Drug Interactions and Contraindications

Cannabis is plant medicine, but like all medicines, it can interact with other drugs. This means certain medications shouldn't be mixed with cannabinoids.

In particular, CBD is well known to interact with numerous important enzymes in the body that are important for drug metabolism. Therefore, any coadministration of prescription medication and cannabinoids should be addressed with professional medical advice.

In particular, cannabinoids should be avoided whenever a patient is taking high risk medications. These medications include most blood thinners, cardiac medications, anti-seizure medications, and many drugs to treat fungal or viral infections. This tool, developed by researchers at Penn State University, can be used to identify some of the highest risk medications. 20

The Best Weed Edible for Sleep

So does weed help you sleep? Of course, it can and comes in delicious forms - edibles. However, not all edibles are created equal, and not all are designed for a good night's sleep. But that's exactly what Pantry Nite Bites are made for.

Not only are Pantry's edibles vegan, gluten-free, and made from clean ingredients (no soy, palm oil, or high fructose corn syrup here), they're specially formulated with ingredients that can help you relax and fall asleep faster after a long day, making them the best edible to help you sleep.

Pantry Nite Bites are made with 5 mg of THC and 5 mg of CBN, two cannabinoids that are thought to help you get a good night's rest. THC interacts with your CB1 receptor, which can induce sleep, while CBN is believed to work alongside THC to help you fall asleep and stay asleep. (It is important to note that the research on CBN is still scant at this point.)

But cannabinoids aren't the only molecules doing the heavy lifting in Pantry Nite Bites. These tasty little sleep edibles also harness the power of adaptogens, natural substances that help the body deal with stress and normalize bodily processes.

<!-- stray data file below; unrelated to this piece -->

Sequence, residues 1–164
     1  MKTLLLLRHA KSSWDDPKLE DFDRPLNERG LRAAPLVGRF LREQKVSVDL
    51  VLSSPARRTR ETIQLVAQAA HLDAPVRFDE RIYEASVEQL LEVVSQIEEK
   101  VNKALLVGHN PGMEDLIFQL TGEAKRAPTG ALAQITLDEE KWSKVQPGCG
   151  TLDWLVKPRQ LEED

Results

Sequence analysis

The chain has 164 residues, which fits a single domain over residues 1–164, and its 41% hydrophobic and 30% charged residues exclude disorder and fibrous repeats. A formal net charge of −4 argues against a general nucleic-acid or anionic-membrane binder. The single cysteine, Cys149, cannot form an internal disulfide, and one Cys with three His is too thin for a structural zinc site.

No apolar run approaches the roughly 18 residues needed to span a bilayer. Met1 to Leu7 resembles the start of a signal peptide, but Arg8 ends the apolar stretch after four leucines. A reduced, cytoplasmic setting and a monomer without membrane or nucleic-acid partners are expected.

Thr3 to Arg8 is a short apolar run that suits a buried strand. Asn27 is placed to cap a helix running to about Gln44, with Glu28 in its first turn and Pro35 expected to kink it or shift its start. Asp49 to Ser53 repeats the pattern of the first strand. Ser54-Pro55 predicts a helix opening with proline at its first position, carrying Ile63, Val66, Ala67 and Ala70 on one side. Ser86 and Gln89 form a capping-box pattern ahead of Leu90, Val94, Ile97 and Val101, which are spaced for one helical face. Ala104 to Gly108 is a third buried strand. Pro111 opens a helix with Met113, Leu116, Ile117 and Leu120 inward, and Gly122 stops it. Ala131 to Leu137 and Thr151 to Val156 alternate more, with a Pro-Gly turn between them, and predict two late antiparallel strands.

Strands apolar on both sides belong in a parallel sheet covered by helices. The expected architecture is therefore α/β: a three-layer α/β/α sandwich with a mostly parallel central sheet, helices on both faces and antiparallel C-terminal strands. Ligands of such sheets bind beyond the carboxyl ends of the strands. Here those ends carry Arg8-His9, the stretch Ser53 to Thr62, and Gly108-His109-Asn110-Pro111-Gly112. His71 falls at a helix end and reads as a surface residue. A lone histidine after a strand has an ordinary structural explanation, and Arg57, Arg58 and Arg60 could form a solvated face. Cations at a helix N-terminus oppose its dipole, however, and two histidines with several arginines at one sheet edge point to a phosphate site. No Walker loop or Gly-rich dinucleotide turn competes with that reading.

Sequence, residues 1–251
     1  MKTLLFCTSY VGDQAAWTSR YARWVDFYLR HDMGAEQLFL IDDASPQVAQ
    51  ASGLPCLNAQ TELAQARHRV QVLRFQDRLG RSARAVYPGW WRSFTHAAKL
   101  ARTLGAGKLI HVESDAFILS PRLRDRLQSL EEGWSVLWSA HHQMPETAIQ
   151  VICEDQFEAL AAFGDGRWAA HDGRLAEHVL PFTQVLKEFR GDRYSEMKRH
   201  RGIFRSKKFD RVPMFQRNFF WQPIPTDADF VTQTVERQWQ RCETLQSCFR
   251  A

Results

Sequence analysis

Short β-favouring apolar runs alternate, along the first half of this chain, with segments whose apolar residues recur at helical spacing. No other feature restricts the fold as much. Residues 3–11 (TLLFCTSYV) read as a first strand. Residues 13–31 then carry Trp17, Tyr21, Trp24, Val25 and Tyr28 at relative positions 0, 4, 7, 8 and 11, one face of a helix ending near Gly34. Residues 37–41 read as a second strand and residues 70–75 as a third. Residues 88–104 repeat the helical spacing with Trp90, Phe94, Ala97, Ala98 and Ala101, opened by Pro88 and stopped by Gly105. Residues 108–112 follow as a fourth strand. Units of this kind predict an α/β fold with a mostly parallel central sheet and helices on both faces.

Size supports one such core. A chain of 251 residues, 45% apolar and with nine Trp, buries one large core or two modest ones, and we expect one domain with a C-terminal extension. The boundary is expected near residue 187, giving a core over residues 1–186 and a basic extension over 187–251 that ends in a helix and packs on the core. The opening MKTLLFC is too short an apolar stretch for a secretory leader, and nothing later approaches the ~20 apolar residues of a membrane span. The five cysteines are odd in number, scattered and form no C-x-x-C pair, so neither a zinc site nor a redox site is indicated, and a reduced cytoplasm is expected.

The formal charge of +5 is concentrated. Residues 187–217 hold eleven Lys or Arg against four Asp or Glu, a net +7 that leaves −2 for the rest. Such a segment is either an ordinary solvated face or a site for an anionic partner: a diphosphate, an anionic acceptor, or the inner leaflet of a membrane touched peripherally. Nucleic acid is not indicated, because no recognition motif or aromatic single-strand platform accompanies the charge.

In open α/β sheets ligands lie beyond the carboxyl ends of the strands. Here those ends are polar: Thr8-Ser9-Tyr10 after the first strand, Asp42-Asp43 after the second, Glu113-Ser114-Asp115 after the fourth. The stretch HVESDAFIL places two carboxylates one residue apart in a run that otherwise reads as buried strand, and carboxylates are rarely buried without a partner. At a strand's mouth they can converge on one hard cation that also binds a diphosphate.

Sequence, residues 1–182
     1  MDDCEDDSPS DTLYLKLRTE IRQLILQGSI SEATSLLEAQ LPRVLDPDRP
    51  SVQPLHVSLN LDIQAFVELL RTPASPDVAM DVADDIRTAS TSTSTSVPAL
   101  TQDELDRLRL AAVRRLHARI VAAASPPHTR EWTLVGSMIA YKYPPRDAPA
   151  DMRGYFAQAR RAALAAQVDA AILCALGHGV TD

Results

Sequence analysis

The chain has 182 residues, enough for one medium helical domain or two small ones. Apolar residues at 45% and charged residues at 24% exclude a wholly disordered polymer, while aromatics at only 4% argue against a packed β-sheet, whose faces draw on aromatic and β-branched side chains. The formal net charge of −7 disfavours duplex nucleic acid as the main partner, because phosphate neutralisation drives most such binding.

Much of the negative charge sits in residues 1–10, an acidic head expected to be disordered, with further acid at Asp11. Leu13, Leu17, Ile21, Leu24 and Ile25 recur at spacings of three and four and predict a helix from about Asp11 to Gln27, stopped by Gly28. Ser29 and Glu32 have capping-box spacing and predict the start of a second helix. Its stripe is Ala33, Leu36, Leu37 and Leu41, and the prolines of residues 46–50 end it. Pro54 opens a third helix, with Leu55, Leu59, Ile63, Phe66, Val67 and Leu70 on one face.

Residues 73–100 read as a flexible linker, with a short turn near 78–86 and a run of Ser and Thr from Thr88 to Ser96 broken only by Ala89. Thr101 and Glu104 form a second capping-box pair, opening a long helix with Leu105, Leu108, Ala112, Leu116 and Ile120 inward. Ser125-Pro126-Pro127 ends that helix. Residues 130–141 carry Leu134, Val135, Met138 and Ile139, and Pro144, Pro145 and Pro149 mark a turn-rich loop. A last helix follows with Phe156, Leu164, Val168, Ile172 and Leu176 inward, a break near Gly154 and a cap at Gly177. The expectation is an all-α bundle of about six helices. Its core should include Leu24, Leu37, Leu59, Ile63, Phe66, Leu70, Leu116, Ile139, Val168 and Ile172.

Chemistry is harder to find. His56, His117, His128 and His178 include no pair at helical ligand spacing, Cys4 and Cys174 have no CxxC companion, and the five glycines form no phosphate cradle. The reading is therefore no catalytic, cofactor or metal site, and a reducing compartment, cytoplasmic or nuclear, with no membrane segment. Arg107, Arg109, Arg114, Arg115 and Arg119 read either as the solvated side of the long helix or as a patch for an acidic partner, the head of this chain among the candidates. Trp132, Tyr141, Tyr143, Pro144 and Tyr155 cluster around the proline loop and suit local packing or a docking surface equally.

Nite Bites also contain:

  • Valerian root: an ancient remedy used for centuries, this root helps to sleep quality and reduces anxiety levels. 21 22
  • L-theanine: an amino acid commonly found in green tea and certain mushrooms, this complicated-sounding molecule has been studied as a sleep aid and may improve mental cognition. 23 24
  • Passionflower: a beautiful flower with sedative qualities that reduces anxiety, improves sleep, and is even being investigated to reduce blood pressure.25 26
  • Melatonin: a hormone naturally produced by your body, melatonin plays a key role in our circadian rhythm and falling asleep, and it can be used to help you reset your sleep cycle. 27
  • Cocoa: a well-known superfood, cocoa delivers antioxidants and endocannabinoid-like molecules that reduce inflammation and may improve cognition, memory, and mood. 28 29 30

If you're on the hunt for cannabis sleep aids to help you get more quality Z's, start with a product specifically formulated for sleep. When you combine the power of cannabis and adaptogens, you get a natural, cleanly-formulated edible that can help you sleep better and wake up feeling well-rested, energized, and ready to take on the day. And isn't that what we all want?